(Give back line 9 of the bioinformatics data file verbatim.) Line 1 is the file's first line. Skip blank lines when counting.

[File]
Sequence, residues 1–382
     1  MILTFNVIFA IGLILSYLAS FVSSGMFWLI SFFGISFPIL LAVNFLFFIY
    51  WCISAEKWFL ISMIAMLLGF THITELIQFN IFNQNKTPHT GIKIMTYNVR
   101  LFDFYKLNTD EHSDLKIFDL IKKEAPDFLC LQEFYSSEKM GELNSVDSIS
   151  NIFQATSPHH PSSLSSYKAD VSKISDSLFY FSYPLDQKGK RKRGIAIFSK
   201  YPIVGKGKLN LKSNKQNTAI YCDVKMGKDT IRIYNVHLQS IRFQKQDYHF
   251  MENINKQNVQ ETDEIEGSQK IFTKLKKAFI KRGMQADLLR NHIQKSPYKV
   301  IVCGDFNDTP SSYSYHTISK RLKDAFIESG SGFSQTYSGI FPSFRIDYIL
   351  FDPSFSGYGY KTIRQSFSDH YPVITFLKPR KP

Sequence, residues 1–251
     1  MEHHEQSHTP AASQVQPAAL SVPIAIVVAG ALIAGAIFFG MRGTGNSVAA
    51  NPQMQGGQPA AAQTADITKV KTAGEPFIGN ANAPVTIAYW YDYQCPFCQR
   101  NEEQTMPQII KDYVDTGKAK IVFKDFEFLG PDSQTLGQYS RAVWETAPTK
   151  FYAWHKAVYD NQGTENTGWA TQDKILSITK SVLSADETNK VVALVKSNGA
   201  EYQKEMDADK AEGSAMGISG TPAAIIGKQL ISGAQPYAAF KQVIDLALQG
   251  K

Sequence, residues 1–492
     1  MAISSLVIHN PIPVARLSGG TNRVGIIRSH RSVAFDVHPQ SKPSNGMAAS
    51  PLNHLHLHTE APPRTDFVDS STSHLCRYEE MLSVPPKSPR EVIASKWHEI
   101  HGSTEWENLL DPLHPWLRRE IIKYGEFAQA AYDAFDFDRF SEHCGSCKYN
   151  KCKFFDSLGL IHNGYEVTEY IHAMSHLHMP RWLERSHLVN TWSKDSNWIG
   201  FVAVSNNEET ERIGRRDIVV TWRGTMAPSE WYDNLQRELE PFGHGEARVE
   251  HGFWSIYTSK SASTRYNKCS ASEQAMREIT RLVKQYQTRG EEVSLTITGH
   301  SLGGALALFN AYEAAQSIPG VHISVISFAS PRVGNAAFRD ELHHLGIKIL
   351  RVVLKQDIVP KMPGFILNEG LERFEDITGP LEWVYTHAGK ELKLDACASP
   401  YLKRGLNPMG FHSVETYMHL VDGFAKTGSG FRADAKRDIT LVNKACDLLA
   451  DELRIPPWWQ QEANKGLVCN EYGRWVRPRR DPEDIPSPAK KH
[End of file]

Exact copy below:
   351  FDPSFSGYGY KTIRQSFSDH YPVITFLKPR KP